Hello, and happy....belated fourth of July to you. I apologize I couldn't get this out sooner, but life happens. Let's look at The Patriot". As a critic, you learn that not everybody will will like or respect your opinion (especially if you're talking about video games), but you gradually just learn to accept that fact. You also realize that it's okay to have guilty pleasures. And no director has taught me that more than director, Roland Emmerich. Just take a look at some of his films, "Stargate", "Independence Day", "The Day After Tomorrow", each are clichéd, predictable, not particularly strong movies, but my God are they fun. There's a certain magic behind Roland Emmerich's films. Whenever you sit down to watch them, you know what you're going to get. You're going to get a silly, over-the-top, special effect filled ride that will leave you begging for more. These films are not particularly strong, and they are by no means films that are going to win "Best Picture of the Year", but each one has some form of enjoyability, at least the ones I've seen. Even his films like "2012" (which is my least liked Emmerich film to date) and "Godzilla" of all films have something to enjoy. Heck, his take on that latter film is actually one of my biggest guilty pleasures as a hardcore Godzilla fan no less...but that's a review for another day.
Let's look at the Patriot. It's full of everything an Emmerich film has, from impressive special effects, to a predictable, yet fun story, to...glorifying the American Nation in ways Michael Bay will never succeed in, but we'll talk about that later. The film takes place duing the years of the Revolutionary War, and centers on our main protagonist, Benjamin Martin (played by Mel Gibson), and his family, who live in Colonial America, which is in the midst of fully declaring Independence from Britain. His sons appear to be fully suppportive of the war with Britain, while Benjamin, haunted by the horrors he witnessed in the French-Indian Wars, not so much. You can already see that Benjamin is going to be the Hero of the movie, the game changer. The man with the plan. You can argue this is only predictable because the ovie poster portrays him riding a majestic steed, carrying the flag of our forefathers against a fiery sun, but regardless, the way the dialogue plays out between him and his sons, you know that no matter how many times he implies how he is finished fighting, he's gonna return to the battlefield.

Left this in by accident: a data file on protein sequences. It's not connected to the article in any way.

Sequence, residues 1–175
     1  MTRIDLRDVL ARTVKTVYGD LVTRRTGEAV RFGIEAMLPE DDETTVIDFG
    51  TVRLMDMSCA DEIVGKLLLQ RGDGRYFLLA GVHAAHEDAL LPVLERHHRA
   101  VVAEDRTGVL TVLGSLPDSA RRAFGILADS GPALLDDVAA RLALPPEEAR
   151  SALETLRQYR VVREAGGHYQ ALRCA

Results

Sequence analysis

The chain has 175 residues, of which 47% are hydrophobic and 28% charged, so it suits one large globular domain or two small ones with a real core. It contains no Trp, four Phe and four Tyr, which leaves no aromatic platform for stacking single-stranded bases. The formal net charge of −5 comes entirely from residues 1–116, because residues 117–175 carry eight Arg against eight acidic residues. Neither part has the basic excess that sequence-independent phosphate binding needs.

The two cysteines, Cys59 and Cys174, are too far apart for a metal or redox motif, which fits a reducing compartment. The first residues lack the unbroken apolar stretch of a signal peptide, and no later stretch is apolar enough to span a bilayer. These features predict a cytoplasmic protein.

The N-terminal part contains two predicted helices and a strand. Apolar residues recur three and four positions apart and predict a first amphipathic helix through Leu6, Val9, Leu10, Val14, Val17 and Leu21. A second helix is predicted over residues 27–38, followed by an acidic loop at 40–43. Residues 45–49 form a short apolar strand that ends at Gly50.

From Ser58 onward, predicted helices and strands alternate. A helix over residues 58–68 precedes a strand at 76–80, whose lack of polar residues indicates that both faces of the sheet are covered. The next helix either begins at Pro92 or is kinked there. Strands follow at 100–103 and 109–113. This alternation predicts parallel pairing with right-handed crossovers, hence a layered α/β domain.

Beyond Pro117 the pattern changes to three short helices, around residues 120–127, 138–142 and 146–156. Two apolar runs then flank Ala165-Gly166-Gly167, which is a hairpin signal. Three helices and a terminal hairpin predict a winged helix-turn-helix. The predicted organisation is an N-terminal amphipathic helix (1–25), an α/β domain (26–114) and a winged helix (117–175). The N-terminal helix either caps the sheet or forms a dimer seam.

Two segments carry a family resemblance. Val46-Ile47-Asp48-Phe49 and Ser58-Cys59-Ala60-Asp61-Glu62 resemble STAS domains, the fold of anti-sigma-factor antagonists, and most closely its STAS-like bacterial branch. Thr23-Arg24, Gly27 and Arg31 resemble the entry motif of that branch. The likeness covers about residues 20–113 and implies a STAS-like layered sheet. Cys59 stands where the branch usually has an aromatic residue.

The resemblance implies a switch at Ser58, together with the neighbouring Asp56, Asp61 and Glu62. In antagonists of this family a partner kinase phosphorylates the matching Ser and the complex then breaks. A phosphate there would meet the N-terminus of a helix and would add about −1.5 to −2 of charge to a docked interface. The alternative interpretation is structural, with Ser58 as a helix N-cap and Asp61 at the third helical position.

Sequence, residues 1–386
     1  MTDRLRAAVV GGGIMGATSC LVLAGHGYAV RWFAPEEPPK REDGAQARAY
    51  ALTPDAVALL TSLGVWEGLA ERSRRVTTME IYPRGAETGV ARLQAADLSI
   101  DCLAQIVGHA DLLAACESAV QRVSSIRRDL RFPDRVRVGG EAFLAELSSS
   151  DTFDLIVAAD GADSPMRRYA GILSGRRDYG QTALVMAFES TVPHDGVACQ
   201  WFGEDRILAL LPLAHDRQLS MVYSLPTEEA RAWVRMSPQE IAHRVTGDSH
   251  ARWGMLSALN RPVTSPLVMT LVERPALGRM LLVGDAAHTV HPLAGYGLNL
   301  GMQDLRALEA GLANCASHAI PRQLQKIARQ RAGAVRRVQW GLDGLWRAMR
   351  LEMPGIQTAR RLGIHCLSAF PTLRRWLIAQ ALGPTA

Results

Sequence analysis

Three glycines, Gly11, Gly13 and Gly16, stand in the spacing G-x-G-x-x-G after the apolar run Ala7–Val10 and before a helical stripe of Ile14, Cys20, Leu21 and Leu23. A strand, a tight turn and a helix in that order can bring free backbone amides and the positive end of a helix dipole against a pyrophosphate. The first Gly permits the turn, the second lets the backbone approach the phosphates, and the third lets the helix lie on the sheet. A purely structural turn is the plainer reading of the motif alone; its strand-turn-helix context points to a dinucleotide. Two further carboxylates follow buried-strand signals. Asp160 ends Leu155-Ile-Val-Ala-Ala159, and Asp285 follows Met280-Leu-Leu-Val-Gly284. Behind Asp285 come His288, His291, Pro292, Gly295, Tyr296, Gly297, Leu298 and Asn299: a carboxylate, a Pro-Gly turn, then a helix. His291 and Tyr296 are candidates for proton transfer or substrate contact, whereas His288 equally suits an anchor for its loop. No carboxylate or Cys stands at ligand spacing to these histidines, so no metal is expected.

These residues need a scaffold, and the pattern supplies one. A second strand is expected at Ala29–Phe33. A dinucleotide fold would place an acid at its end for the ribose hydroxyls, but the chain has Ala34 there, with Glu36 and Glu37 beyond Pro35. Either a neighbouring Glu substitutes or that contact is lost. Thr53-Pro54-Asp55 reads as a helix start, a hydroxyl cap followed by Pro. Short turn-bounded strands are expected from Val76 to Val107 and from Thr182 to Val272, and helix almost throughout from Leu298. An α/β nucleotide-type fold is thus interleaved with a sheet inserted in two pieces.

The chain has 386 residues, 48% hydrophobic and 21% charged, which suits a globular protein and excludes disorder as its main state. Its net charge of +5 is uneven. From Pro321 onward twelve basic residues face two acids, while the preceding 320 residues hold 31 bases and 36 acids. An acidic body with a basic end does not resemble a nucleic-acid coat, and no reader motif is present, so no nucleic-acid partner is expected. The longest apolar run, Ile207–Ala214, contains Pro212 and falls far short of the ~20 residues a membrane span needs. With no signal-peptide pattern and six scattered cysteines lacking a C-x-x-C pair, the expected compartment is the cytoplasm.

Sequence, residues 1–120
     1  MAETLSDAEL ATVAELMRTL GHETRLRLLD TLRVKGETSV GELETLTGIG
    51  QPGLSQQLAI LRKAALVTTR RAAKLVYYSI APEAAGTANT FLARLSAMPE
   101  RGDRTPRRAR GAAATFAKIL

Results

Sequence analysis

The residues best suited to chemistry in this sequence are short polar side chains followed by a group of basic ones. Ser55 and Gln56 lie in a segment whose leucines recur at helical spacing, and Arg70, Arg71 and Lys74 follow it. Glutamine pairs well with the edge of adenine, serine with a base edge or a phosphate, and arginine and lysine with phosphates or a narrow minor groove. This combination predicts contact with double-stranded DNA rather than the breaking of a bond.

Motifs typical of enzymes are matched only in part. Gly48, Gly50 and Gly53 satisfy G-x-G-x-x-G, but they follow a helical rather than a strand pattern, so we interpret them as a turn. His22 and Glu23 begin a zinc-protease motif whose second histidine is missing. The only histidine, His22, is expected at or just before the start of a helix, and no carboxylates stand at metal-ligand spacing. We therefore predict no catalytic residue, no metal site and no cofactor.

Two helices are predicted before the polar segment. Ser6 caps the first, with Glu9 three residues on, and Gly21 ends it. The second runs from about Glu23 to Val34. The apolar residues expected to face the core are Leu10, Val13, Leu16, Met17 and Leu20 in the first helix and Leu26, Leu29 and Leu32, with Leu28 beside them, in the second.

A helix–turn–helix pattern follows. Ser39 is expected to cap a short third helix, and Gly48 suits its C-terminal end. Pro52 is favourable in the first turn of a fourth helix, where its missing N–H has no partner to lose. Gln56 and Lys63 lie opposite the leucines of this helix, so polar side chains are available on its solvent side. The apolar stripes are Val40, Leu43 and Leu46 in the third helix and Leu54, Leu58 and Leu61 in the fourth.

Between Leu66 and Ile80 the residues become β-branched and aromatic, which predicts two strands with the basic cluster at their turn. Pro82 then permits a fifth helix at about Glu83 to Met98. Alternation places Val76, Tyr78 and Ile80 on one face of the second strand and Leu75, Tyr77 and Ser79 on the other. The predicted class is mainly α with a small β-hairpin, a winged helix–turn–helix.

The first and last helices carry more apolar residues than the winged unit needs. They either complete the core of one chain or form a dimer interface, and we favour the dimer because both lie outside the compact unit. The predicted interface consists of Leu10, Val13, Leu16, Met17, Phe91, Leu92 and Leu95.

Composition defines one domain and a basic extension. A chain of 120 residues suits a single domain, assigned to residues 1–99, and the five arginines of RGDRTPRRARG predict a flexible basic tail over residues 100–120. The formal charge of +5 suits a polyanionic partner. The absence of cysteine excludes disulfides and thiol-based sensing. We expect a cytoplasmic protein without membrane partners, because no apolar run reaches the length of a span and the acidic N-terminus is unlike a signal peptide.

You can also pinpoint out who is gonna die. This is really easy in this movie. When I saw the eldest son enlisting, I already knew he was as good as dead. I will admit, that he survived much longer than I expected, but he died. Sorry for the easy spoiler. But I gotta say that even though he survived longer than I thought he would, he barely contributed to the story in any way. He's not by any means the worst character in the world, but a good part of the middle of the movie focuses on him and his love interest in a childhood friend. They of course end up getting married in the film, but honestly, the chemistry I don't think is really there. We see them reminisce over a childhood memory or two, but aside from that, there is very little development or bonding between these two characters. So when eventually they kill off the wife in a rather...well...unpleasant way, I didn't find myself caring too much. THe love came, they tried to enforce it with a marriage, then they killed it off ten minutes later. And I was there wondering when the next battle was gonna happen.